British Land, one of the UK’s largest commercial landlords, has put tenants on notice that it will stop granting concessions on rent as coronavirus restrictions are lifted.
The company, which wiped more than £1bn from the stated value of its holdings in May as tenants were unable or unwilling to pay rent, said it was planning to take a firmer line as the “vast majority” of its customers were trading well.
The FTSE 100 company’s warning on rental concessions comes after the Treasury last month extended a ban on commercial evictions until March 2022, a move widely criticised in the property industry.
While British Land is receiving substantially more rent than it did when the public was told to stay at home, figures on Tuesday showed that almost £8m of the £43m due from its retail tenants in the most recent quarter remained outstanding.
British Land, whose retail portfolio includes Sheffield’s Meadowhall, Glasgow Fort and Ealing Broadway in London, said on Tuesday that it had made “pragmatic and equitable” arrangements for struggling businesses during the pandemic.
Some tenants have paid monthly rather than quarterly to ease pressure on cash flows, while in other cases British Land waived rental demands entirely.
However, the company said: “With trading restrictions substantially lifted and the vast majority of our customers trading well and paying the rent due, we do not expect to make further concessions this quarter.”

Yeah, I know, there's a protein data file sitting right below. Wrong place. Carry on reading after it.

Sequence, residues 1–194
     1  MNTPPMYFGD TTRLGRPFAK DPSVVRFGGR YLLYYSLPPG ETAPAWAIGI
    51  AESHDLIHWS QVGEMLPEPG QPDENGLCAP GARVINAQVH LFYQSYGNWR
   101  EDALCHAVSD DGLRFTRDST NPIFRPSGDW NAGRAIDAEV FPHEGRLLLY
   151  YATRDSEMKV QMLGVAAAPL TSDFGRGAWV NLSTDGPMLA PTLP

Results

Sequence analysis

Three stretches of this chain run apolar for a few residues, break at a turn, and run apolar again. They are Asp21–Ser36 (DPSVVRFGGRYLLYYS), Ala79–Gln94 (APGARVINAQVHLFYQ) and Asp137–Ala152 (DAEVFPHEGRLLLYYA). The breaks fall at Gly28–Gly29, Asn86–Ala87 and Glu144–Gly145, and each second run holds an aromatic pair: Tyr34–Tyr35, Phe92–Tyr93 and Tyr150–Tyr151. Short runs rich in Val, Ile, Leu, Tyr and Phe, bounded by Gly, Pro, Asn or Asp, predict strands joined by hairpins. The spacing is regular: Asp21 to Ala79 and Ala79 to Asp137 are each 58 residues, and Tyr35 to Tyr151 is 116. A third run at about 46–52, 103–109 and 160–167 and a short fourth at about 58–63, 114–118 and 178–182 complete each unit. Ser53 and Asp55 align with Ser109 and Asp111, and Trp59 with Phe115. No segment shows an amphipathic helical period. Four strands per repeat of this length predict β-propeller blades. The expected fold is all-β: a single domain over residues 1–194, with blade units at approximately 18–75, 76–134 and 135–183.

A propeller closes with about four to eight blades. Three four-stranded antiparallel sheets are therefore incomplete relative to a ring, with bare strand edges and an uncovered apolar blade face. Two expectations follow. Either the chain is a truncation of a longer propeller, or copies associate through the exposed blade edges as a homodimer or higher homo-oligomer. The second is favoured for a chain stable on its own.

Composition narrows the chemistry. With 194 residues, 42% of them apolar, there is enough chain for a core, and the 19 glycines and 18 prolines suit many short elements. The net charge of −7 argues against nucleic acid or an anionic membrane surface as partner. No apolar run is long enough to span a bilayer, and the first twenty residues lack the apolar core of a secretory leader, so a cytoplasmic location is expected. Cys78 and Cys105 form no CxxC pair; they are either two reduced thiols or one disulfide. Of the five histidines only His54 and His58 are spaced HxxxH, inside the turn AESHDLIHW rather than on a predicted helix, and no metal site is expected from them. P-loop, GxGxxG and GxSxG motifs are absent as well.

Ministers in June extended the eviction ban on commercial properties by nine months to give businesses hit hard by the crisis more breathing room to recover.
Retailers and the hospitality sector welcomed the decision, but landlords complained it would give cover to healthy companies to refuse to pay rent or extract other concessions.
The figures from British Land on Tuesday showed that it had received in full 71 per cent of the rent due from retailers for the June quarter. Tenants in the sector were paying 11 per cent of the sums owed on a monthly basis, while 18 per cent was outstanding.
Office tenants, in contrast, had paid almost all the rent they owed.
As of 11 working days after the quarter ended, the company had collected 85 per cent of the total rent due across both sectors, compared with 76 per cent in the previous quarter.
Foot traffic at British Land’s retail properties has picked up since coronavirus restrictions have been relaxed, although enclosed malls have been less popular than open air sites.
Footfall at British Land’s shopping centres between May 17 and July 3 was 75 per cent of 2019 levels, compared with 96 per cent at outdoor retail parks.
Simon Carter, chief executive, said in a statement: “With lockdown restrictions lifting, we have seen a notable improvement in activity across our markets and our business is performing well.”